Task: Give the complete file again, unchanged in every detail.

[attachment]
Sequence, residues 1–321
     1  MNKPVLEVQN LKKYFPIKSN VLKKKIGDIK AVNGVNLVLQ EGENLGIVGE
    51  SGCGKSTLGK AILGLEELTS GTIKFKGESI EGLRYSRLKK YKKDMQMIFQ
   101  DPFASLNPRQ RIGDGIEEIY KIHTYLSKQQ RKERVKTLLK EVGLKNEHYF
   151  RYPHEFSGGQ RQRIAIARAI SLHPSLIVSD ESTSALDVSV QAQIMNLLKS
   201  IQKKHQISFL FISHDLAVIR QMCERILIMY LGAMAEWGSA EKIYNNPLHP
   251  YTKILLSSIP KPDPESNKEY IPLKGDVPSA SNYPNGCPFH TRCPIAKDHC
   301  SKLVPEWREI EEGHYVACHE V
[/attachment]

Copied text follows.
Sequence, residues 1–321
     1  MNKPVLEVQN LKKYFPIKSN VLKKKIGDIK AVNGVNLVLQ EGENLGIVGE
    51  SGCGKSTLGK AILGLEELTS GTIKFKGESI EGLRYSRLKK YKKDMQMIFQ
   101  DPFASLNPRQ RIGDGIEEIY KIHTYLSKQQ RKERVKTLLK EVGLKNEHYF
   151  RYPHEFSGGQ RQRIAIARAI SLHPSLIVSD ESTSALDVSV QAQIMNLLKS
   201  IQKKHQISFL FISHDLAVIR QMCERILIMY LGAMAEWGSA EKIYNNPLHP
   251  YTKILLSSIP KPDPESNKEY IPLKGDVPSA SNYPNGCPFH TRCPIAKDHC
   301  SKLVPEWREI EEGHYVACHE V